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Tilting at Windmills

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February 17, 2010

NOTHING BUT 'NET'.... It's now impossible for serious observers to claim the stimulus didn't create new jobs. The leading economic research firms -- IHS Global Insight, Macroeconomic Advisers, and Moody's Economy.com -- estimate that the effort has already created as many as 1.8 million jobs, and will create about 2.5 million jobs when all is said and done. As far as the independent Congressional Budget Office is concerned, those are conservative estimates -- the CBO believes the stimulus is already responsible for as many as 2.4 million jobs.

It leaves the right looking for alternate rhetorical strategies. Today, House Republican Conference Chairman Mike Pence (R-Ind.) tried a new tack in a press release. Notice the addition of one key word to the GOP talking points:

One year [after the stimulus bill became law], not one net job has been created as unemployment rose from 7.6 percent to nearly 10 percent nationwide. [emphasis added]

Matt Finkelstein explained why this rhetorical shift matters: "The distinction here is important. By shifting the focus to 'net jobs,' Pence is effectively conceding that the Recovery Act did create jobs -- that, while unemployment rose more than expected, we would be even worse off if the program hadn't passed."

This also suggests that Republican officials are starting to worry, at least a little, that the economy might be improving far more than they'd like. If job creation starts picking up in a meaningful way in the Spring, as the Obama administration expects, the good news for the country may be bad news for the GOP's midterm election strategy. They'll need something negative to say, and pointing to net job growth may fool a few people.

But probably not many. It's really very foolish -- the recession began in December 2007, and the economy fell off a cliff in September 2008. The month the president took office, thanks to conditions Obama inherited, the economy lost 741,000 jobs. A month later, it was 681,000. A month after that, it was 652,000. Of course there's going to be a net job loss. The net loss will exist for quite a long while. When a nation experiences a downturn of this severity -- easily the worst since the Great Depression -- it takes a very long time to make up the lost ground.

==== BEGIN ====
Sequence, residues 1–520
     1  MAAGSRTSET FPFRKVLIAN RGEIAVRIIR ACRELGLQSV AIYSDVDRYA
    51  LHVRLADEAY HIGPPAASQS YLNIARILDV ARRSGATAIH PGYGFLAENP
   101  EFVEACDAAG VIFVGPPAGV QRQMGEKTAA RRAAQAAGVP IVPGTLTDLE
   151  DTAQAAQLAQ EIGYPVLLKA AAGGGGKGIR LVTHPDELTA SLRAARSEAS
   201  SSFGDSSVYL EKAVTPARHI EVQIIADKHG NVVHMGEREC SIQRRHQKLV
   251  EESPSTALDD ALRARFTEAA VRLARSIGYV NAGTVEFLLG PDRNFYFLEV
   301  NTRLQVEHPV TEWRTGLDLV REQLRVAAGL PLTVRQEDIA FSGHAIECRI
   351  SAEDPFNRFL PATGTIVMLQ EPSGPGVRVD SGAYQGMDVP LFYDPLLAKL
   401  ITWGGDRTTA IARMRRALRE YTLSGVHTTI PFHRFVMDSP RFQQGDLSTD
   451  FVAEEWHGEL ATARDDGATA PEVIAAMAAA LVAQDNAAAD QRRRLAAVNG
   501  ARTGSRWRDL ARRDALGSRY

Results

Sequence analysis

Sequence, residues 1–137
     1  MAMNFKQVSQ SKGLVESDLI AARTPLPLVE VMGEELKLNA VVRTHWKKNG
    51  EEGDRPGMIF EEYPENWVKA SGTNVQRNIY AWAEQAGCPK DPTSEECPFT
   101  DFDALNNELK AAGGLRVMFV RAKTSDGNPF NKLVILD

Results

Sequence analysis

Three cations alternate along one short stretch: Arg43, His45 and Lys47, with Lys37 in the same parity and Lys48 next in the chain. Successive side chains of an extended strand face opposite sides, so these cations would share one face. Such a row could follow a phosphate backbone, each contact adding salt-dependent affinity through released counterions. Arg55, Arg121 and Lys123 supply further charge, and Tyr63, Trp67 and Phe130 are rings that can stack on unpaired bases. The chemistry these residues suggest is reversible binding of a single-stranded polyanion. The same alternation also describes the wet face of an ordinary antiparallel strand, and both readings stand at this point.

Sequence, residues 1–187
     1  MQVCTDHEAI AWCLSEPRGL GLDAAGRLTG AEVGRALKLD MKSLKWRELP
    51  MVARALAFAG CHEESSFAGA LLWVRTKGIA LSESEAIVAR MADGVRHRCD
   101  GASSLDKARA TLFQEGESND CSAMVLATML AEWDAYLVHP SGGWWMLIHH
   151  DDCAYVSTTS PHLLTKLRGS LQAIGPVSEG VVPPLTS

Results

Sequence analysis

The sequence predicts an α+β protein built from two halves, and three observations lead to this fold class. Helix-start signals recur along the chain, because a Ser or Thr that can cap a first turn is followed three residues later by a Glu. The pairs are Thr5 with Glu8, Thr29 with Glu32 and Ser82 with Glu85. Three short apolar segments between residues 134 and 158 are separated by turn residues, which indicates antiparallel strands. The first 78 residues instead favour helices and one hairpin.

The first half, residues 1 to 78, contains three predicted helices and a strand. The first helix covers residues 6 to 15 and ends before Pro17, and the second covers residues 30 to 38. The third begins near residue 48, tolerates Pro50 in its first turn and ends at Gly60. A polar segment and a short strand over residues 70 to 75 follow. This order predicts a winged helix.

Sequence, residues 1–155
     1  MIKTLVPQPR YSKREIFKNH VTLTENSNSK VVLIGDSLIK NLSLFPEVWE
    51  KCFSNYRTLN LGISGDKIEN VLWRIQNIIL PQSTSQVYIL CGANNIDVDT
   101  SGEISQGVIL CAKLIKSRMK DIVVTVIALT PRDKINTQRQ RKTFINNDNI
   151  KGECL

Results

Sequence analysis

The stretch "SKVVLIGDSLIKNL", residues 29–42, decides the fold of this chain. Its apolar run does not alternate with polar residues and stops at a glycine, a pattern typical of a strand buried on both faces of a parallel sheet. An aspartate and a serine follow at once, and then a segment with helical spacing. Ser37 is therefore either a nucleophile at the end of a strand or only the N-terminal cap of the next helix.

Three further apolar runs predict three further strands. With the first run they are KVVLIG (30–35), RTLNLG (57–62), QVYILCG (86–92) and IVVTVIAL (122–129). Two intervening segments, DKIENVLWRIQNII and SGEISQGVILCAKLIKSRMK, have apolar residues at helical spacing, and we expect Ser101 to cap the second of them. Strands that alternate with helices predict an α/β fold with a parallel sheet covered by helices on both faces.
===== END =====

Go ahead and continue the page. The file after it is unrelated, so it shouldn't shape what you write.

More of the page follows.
The goal is to see improvements and growth. Maybe Pence understands this, maybe not -- he is a few threads short of a sweater, if you know what I mean -- but either way, this "net job" talk is absurd.

Steve Benen 4:45 PM Permalink | Trackbacks | Comments (29)

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Comments

before everyone gets all excited analyzing and critiquing the "net jobs" argument, are we positive Pence's office didn't just make a type on "not one new job"?

Posted by: zeitgeist on February 17, 2010 at 4:48 PM | PERMALINK

Steve I genuinely understand what you are saying. But:

"Not as bad as it could have been"

is a lousy slogan to any one of the 10% of the people that currently doesn't have a job and 10-15% more that are working part time jobs that don't cover even a fraction of their bills.

Until those people start going back to work and until sages start to show some improvement the perception will remain that the stimulus failed.

Posted by: thorin-1 on February 17, 2010 at 4:50 PM | PERMALINK

Could someone address the cost-per-job? I know it's difficult to ascertain, but conservatives have a facile argument that each of those jobs cost $400,000 (divide stimulus bill by number of jobs created). Even if you knock off 1/3 for tax cuts, it still quite a big number to create a single job.

Are their numbers wrong? the 1.2 million number just NEW jobs, not counting jobs that would otherwise have been lost (state employees, etc?). I'm an innumerate American, goddamnit, and I don't really know if 1.2 million jobs is a lot or a little, but $400,000 is a number I can understand.

Posted by: inkadu on February 17, 2010 at 4:52 PM | PERMALINK

Or perhaps he's a few strands short of a fishing net. . .